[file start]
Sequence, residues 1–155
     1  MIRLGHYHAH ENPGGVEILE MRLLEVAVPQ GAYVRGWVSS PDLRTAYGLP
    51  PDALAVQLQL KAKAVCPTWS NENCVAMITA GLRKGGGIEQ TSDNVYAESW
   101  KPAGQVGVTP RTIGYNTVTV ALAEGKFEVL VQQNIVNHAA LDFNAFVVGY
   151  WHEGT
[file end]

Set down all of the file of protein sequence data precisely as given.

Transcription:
Sequence, residues 1–155
     1  MIRLGHYHAH ENPGGVEILE MRLLEVAVPQ GAYVRGWVSS PDLRTAYGLP
    51  PDALAVQLQL KAKAVCPTWS NENCVAMITA GLRKGGGIEQ TSDNVYAESW
   101  KPAGQVGVTP RTIGYNTVTV ALAEGKFEVL VQQNIVNHAA LDFNAFVVGY
   151  WHEGT